Natural Law in the 17th and 18th Century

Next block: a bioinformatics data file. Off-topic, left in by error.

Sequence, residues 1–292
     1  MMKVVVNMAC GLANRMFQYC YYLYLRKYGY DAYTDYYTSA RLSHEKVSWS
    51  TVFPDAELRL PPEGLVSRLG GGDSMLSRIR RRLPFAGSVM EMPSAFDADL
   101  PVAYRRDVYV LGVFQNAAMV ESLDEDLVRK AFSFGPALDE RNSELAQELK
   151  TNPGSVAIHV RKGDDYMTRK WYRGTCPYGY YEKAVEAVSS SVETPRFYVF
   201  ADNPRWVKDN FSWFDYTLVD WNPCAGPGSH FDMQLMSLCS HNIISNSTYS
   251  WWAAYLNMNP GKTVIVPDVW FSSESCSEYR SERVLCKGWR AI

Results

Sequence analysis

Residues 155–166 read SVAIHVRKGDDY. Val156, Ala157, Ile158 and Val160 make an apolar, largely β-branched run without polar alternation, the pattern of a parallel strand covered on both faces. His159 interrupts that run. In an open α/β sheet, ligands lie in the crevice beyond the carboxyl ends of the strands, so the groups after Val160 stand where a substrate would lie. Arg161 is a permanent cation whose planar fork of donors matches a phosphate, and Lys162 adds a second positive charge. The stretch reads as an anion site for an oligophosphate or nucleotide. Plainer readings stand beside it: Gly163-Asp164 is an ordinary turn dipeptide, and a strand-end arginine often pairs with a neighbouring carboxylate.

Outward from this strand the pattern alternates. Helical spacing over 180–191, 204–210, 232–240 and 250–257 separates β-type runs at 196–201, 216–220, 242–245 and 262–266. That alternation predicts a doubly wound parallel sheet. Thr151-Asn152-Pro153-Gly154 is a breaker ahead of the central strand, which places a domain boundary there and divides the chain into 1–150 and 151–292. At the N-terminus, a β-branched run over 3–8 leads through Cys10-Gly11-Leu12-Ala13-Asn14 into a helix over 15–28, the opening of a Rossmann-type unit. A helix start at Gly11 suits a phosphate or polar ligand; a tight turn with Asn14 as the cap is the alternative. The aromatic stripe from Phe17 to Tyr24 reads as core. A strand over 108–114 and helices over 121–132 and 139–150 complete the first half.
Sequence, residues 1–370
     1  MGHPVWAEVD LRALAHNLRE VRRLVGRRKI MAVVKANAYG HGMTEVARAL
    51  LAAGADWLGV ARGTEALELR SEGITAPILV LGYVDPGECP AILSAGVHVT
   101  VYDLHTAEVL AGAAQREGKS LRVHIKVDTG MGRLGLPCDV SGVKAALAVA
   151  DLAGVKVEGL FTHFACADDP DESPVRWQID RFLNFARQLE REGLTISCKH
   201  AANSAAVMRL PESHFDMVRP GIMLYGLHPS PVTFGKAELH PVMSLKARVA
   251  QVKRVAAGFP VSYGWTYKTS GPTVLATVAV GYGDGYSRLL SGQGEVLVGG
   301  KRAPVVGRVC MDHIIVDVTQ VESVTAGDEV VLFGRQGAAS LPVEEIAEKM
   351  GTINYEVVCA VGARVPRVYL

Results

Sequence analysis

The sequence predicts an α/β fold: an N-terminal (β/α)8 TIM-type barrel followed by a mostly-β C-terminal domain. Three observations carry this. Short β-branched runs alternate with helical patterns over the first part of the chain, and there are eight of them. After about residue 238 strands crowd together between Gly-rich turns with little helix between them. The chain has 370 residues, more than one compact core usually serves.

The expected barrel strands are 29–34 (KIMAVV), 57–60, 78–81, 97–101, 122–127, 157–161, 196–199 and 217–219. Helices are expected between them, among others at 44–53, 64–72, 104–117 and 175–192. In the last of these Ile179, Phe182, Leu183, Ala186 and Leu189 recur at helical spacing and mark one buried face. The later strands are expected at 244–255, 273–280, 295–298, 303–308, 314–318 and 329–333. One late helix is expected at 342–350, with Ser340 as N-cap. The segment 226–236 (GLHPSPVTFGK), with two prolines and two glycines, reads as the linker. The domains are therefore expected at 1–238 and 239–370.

This was a system of right and or justice that was held as common for all people in the west during the seventeenth and eighteenth century. These unwritten laws held that man had the ability to make moral judgments (using reason to analyze social and personal human nature) and in so doing, arrive at binding rules of moral behavior. In Europe, the idea of natural law was born out of a need for a theory of natural law that was common to all societies as well as to counter moral skepticism that had started emerging in most parts of the continent. Given that there was a growing division that was majorly influenced by religious and differences and colonial wars, Europe needed a moral basis that would act as the binding force of the international law across Europe and natural law appeared to be the ideal choice. Considered inherent in nature and having a universal application, the natural law was regarded as the most ideal law that would help determine whether the conduct of an individual were right or wrong.